>
> It doesn't matter unless you are a monomaniac formalist cretin who insists
> on treating Charles Darwin as the formulator of some extended mystical
> syllogism or the preceptor and prophet of a religion.

It matters because like "random mutations" the term surfaced around
1910 in the Journals. Darwin also never said "random mutation" very
few know this.

> His literal words have
> no intrinsic significance except to historians who are interested in the
> development of the ideas of evolution in the context of 19th century writing
> and culture.

His literal words had a profound effect on the direction mankind took
with two world wars, a ongoing culture war in America. But it wasn't
his words, he lifted the ideas from Maltus, Mudie, Lucretius,
Democritus, Epicurus, Aristotle and Empedocles. Henry Osborne
documented how Empedocles was the orginator of the concept of natural
selection. Aristotle reformulated Empedocles.

> �ソスThis is the 21st century and the concepts that he formulated


> and their successors are what is important.

It wasn't his concepts but those of Empedocles as documented by Osborn
in his book "From the Greeks to Darwin"

> �ソスThe way the observable world


> fits the structure and its predictions is significant, not whether you think
> 'survival of the fittest' is a tautology.

Who made what predictions? Only somebody could have made a prediction
- who si this person.

> Darwin's words represent one historical formulation of part of the system
> and those words do not limit or determine the validity of the theory for

> ever and one day. �ソス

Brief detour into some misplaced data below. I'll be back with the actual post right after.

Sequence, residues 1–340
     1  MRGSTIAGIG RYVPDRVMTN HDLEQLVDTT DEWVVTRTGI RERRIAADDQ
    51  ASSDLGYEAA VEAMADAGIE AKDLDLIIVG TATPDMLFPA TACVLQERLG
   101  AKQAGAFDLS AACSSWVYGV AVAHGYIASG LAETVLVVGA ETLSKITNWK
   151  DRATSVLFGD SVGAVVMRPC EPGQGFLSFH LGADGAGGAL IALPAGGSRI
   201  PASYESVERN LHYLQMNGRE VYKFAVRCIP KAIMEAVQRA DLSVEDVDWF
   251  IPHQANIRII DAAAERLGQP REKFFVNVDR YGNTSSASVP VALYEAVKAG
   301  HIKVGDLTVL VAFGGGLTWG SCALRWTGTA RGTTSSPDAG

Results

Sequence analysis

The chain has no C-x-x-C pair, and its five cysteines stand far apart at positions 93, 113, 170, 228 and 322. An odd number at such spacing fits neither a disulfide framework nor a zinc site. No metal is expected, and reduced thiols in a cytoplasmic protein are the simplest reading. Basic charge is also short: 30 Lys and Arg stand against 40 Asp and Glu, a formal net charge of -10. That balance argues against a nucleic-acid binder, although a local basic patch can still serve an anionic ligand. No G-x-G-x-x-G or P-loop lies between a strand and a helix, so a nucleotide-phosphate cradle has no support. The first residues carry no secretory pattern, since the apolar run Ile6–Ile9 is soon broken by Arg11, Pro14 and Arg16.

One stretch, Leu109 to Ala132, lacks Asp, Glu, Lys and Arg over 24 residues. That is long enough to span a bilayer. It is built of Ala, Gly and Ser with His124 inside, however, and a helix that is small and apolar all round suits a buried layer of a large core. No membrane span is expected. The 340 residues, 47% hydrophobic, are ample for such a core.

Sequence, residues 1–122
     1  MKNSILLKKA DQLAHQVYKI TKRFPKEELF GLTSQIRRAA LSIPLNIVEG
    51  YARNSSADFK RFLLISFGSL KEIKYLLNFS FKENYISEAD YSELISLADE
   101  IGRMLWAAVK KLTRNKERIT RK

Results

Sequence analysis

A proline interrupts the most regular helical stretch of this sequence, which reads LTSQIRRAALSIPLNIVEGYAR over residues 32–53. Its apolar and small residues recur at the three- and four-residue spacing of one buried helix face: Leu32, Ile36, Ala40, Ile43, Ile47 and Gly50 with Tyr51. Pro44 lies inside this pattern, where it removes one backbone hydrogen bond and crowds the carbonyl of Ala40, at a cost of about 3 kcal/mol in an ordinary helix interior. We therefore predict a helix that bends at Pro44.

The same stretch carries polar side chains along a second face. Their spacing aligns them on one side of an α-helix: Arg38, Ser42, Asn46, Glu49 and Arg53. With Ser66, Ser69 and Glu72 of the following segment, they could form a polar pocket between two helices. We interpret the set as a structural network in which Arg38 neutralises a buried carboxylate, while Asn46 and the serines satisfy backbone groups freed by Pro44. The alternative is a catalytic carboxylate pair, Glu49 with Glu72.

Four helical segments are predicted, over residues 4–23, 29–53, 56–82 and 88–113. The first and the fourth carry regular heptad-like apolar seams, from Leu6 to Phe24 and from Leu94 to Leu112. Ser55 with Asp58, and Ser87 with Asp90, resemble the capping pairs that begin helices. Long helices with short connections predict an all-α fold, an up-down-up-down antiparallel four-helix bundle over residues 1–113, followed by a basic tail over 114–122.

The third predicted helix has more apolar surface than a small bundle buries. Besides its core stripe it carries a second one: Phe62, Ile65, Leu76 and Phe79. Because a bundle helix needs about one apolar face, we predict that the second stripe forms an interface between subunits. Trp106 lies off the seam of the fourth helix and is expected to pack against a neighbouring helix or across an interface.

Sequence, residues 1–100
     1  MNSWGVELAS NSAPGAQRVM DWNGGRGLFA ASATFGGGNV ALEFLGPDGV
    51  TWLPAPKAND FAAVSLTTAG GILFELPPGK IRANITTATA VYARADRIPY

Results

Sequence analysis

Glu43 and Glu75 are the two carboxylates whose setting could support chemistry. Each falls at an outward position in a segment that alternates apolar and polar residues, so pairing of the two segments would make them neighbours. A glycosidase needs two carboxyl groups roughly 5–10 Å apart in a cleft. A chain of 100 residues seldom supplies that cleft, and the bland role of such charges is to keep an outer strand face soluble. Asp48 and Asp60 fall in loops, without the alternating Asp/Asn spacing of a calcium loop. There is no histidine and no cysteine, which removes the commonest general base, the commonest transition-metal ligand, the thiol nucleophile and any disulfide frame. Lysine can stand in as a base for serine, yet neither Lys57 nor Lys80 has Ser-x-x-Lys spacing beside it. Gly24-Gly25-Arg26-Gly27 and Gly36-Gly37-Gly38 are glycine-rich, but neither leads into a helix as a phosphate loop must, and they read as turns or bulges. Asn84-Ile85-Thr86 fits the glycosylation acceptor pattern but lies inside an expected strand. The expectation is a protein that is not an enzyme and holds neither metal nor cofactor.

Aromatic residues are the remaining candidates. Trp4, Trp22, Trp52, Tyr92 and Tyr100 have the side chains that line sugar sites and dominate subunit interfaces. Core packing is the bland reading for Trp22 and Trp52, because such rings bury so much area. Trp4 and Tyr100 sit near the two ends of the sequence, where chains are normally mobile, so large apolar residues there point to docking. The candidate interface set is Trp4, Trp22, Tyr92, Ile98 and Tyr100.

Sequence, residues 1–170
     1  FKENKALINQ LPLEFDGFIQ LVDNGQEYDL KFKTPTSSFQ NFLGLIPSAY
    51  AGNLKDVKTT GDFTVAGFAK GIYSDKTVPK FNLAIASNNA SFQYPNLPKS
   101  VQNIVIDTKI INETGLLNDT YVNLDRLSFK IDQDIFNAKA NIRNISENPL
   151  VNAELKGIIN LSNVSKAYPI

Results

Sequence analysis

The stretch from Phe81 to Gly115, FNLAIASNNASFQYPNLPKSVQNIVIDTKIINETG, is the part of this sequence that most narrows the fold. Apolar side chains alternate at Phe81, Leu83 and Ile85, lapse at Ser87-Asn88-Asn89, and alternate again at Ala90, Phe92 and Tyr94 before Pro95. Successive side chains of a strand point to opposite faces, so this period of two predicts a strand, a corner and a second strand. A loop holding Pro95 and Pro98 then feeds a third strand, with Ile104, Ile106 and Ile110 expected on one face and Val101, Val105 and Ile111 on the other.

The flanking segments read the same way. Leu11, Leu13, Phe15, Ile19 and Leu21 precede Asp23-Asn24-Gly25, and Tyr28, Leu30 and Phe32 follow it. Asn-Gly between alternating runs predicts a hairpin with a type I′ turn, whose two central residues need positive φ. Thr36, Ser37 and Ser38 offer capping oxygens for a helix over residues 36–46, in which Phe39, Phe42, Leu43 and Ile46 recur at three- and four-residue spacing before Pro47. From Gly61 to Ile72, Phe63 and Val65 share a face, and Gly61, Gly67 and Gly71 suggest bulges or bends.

What theory?

> Unless you are a blinkered literalist with no
> understanding of the modern system that you imagine that you are attacking.

What is the modern system?

> Try to grow your puling �ソスintellect past the 12 year old stage that says "I


> found a spelling mistake in your work so all of what you say must be wrong".

What has been found is Empedocles reformulated through the ages ,
starting with Aristotle .... his trial and error metaphysics infused
into our collective thinking as noted by Popper in his discussion of
Einstein .

backspace

unread,
Jan 25, 2010, 4:13:37 PM1/25/10
to

Does "differential reproductive success" have a single true fixed
meaning? Where was the concept defined and who defined it. DRS like NS
isn't even a sentence, it can be made to mean whatever you want it to
mean.

g...@risky-biz.com

unread,
Jan 25, 2010, 4:53:17 PM1/25/10
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On Jan 25, 1:58�pm, backspace <stephan...@gmail.com> wrote:

My daughter just did a report on the legend of Sisyphus. Kin of yours,
I imagine?

Greg Guarino.

Kermit

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Jan 25, 2010, 5:00:01 PM1/25/10
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He probably didn't say either. Why are you fixated on Darwin? Do you
think chemistry is confined to the ideas and language of Lavoisier?
Must physicists learn archaic Italian to do physics?

You have most peculiar ideas, lad.

Kermit

Ken Shackleton

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Jan 25, 2010, 5:07:53 PM1/25/10
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Well.....it means that some organisms are more successful at
reproduction than others of their species. This much should be obvious.

Iain

unread,
Jan 25, 2010, 5:17:34 PM1/25/10
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On Jan 25, 6:58�pm, backspace <stephan...@gmail.com> wrote:


> Where did Darwin say �"reproductive success" or "differential
> reproductive success" - I can 't find in in OoS. ?

So? If he didn't use the phrase, maybe he should have. Do you think
science is done by scrutinising old, immutible texts? Don't you think
you may be projecting, judging science by your own crooked yardstick?

--Iain

haiku jones

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Jan 25, 2010, 5:25:02 PM1/25/10
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On Jan 25, 11:58�am, backspace <stephan...@gmail.com> wrote:

And nowhere in _1984_ will you find the phrase
"totalitarianism is bad". But that's what the book